Life is a series of experiences – an eternal journey from birth to death riddled with ups and downs: pain and pleasure, profit and loss, success and failure. Man is so preoccupied with his outer journey that he completely misses out the inner journey. In fact, every step taken outside should carry the stamp of a beautiful step taken within. Each one of our life’s journey – YAANA, must become a YATRA: a movement which helps one to cross the ocean of samsara. If the inner life is taken care of, the outer journey is automatically taken care of. This inner reorientation and transformation is the content of the Scriptures and the theme of the Puranas. Fulfillment is in “living” the words of the Scriptures and Realized Masters.
However, in and through life’s journey, constant reminders and guides are essential to keep us on the right path. The whole WORLD as an open UNIVERSITY provides us with these reminders. The entire VISHWA is a VIDYALAYA!! Everything around and about us are silent reminders of the great grand spiritual pilgrimage to be accomplished within each one of us – a rich culture and glorious tradition indeed!
The Hindu Calendar Year, known as SAMVATSARA has twelve months: CHAITRA to PHALGUNA. And throughout the year there are numerous festivals celebrated: UGADI to SHIVARATRI. Every month or rather the NAME of the month indicates where we are and what we should do on the path of self-improvement. It is equivalent to twelve graded exercises or steps in the scheme of spiritual evolution: from MANAVA to becoming MADHAVA – from the state of NARA to the State of NARAYANA: from BONDAGE to ABSOLUTE FREEDOM. Similarly with the FESTIVALS too!
The first month CHAITRA, indicates “many” or “variegated” (chitra – vichitra). It denotes our present individual state in the space-time world in a cause-effect relationship. VAISHAKA means more or excessive branching. It suggests our outer and inner world of multiplicity, diversity and plurality – the realm of change. Once identification and relationships become predominant, JYESHTA arrives! Jyeshtha means elder, big, or superior. Their opposites then automatically become evident. Comparison, contradiction and conflict starts! There is “I or ME” and the “OTHER”. The individual is then in a state of ASHADA! ‘Shad’ means ‘to sit’. ‘A-shad’ is its opposite, and hence ‘A-shad’ denotes an inner state of restlessness – a state which is not at all comfortable. An individual may have everything in life, but still can come to experience dissatisfaction, discontentment and unfulfillment. It is then that one starts enquiring into the ‘why’, ‘wherefore’, ‘how’, and ‘what’ of life. This is when Introspection starts. This month is also known as AA-SHADA, which means to “continuously sit” and introspect, take stock of one’s life and investigate into it. Guru Purnima comes in this month which signifies that one is ready for the Guru to enter into one’s life – a major turning point! When the Guru enters our life, SHRAVANA or ‘listening’ to the scriptures begins. Having heard the scriptural declarations, they have to be now reflected upon again and again, so that the knowledge gets well-rooted in the mind. This is BHADRAPADA: the state of ‘well-securing’ the knowledge within oneself. It denotes a sense of inner well-being (bhadratva). The next stage is Nidhidhyasana or Contemplation, represented by ASWAYUJA. ‘Yuj’ means to connect, unite or identify with. ‘Swa’ means tomorrow. ‘Aswa’ means ‘not-tomorrow’ and therefore signifies TODAY or the PRESENT. ASWAYUJA therefore represents contemplation. It also represents ‘pervasiveness’ or ‘expansion’, wherein the attempt is to include and accommodate everything and every being within oneself: to connect the micro with the macro; the individual with the Universal.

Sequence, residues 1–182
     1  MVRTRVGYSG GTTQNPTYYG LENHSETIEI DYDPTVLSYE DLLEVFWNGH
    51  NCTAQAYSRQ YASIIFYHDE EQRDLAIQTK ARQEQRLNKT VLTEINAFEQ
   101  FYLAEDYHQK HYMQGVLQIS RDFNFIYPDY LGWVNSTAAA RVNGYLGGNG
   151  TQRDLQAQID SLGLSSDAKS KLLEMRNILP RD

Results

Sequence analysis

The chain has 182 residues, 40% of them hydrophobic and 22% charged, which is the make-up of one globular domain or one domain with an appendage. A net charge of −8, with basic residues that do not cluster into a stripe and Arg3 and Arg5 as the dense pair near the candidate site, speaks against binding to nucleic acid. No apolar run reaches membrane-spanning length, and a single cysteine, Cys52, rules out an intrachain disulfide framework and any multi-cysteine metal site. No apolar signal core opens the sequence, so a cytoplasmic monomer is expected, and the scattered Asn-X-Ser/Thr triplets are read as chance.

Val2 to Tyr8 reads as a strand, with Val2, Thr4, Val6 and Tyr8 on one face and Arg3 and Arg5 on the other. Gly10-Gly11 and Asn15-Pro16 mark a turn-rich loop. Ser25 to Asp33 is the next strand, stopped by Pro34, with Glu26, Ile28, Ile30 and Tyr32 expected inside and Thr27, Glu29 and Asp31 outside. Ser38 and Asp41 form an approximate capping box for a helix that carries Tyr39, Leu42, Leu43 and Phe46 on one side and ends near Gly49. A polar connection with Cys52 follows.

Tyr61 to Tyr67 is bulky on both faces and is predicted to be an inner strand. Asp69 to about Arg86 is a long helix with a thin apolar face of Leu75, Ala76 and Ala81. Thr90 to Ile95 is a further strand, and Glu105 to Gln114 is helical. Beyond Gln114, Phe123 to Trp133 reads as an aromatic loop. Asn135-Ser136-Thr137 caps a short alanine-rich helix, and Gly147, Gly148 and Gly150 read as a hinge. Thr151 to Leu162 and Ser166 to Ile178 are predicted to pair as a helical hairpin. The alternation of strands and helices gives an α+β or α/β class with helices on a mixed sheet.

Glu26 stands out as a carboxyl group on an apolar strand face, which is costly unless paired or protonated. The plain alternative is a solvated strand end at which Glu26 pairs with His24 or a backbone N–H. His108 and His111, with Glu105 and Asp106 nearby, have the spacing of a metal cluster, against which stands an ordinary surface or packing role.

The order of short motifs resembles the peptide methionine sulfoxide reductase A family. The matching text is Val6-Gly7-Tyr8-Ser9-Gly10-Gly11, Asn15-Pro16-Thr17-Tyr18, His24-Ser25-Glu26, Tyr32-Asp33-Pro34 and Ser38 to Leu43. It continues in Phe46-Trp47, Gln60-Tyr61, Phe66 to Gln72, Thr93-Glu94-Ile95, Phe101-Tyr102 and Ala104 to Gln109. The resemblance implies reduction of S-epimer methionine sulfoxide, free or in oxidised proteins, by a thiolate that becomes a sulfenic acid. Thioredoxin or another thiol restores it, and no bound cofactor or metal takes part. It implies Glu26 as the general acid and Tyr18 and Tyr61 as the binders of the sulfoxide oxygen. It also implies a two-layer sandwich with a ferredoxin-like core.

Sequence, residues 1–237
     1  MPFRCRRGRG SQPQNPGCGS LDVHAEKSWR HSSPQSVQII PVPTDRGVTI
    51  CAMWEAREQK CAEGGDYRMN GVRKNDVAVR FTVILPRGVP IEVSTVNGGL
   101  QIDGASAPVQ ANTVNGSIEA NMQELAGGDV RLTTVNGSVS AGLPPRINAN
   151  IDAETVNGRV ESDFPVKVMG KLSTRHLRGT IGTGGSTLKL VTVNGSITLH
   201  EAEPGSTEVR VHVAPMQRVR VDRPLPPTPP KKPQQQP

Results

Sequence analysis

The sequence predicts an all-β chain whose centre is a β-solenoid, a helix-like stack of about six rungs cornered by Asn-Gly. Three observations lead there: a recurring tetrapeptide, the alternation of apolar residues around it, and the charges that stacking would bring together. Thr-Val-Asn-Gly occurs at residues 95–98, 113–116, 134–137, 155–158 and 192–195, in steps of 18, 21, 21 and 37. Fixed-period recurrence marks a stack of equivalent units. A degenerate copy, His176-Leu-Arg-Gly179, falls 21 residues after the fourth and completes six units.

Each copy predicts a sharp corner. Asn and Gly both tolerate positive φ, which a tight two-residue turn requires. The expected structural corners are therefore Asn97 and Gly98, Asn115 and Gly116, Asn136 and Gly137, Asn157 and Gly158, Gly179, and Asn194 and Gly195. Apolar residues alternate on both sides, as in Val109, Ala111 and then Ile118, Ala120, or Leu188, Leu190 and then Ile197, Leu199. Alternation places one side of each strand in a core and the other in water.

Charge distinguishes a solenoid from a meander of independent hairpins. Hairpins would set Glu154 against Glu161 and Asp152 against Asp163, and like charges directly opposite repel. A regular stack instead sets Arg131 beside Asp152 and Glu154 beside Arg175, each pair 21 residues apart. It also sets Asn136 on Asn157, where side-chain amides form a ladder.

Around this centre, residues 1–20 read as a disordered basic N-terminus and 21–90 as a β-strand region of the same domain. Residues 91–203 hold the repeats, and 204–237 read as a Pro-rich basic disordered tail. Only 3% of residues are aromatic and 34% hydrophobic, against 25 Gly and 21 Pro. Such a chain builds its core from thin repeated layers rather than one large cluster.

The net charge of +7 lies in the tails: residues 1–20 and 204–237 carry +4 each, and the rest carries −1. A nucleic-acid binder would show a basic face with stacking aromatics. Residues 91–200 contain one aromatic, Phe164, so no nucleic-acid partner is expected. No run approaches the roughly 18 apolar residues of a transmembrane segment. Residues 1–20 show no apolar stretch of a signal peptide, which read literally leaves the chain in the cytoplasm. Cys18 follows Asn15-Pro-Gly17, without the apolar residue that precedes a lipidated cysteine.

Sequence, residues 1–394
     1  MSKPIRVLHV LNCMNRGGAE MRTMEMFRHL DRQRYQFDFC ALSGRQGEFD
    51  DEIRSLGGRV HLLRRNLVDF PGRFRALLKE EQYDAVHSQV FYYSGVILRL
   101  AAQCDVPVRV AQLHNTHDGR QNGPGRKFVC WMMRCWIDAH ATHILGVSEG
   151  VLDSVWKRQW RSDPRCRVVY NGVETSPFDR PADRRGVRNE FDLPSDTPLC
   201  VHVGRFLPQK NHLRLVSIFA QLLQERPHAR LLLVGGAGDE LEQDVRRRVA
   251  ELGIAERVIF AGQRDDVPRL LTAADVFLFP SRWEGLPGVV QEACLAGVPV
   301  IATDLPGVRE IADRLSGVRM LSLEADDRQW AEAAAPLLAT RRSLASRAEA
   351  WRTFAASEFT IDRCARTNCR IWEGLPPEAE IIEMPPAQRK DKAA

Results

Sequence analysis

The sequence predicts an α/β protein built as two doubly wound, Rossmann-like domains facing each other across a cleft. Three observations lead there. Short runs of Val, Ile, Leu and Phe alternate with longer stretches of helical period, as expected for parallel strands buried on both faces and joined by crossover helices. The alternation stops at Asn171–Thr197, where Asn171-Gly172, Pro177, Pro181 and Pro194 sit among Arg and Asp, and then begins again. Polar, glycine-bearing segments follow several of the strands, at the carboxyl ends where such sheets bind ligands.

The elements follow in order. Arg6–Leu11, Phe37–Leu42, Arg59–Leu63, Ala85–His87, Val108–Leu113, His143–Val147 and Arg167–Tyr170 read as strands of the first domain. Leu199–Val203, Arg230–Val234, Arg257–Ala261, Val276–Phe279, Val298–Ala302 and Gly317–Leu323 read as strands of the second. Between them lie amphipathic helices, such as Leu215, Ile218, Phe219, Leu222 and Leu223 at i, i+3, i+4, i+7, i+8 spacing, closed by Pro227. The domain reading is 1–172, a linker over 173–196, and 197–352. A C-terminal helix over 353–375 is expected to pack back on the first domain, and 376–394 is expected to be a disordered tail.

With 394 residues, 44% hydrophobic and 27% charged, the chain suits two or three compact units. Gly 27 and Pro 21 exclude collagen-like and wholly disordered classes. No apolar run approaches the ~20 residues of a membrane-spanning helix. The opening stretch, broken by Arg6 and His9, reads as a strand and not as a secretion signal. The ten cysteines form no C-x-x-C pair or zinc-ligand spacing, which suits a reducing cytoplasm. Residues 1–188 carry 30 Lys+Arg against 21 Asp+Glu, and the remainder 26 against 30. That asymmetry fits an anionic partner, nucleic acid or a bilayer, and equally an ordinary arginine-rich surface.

The next stage is KARTHIKA: invoking the Light of Knowledge, with the help of which the seeker can discriminate between the Real and unreal, the Permanent and impermanent. MARGASHIRSHA: ‘marga’ means path; ‘shira’ means ‘head’ or ‘higher’. Therefore, Margashirsha denotes ‘path leading to the Highest’ – negating and rejecting the lower and the false; and asserting and identifying with the Higher and the Real. PUSHYA means to nurture, nourish and maintain. When the seeker starts getting glimpses of the Higher within himself, he must consistently, constantly and totally identify and maintain that Higher State within himself. MAGHA means “don’t fall or don’t slip”. The seeker must not lose his hold of that Higher State. Inadvertedness can cause a spiritual fall which can be disastrous. The seeker should be alert and vigilant on the spiritual path. PHALGUNA denotes ‘not this….not this’. It denotes the Highest State of “That Am I” – the Absolute State of Realization.
The names of the twelve months of a Samvatsara through suggestion, significance and implication represent one’s Spiritual Evolution – the inner Spiritual Yatra leading the seeker from the realm of ignorance, change and mortality to the State of Absolute Knowledge, Changelessness and Immortality: the State of Jeevanmukti (Liberated-in-Life).
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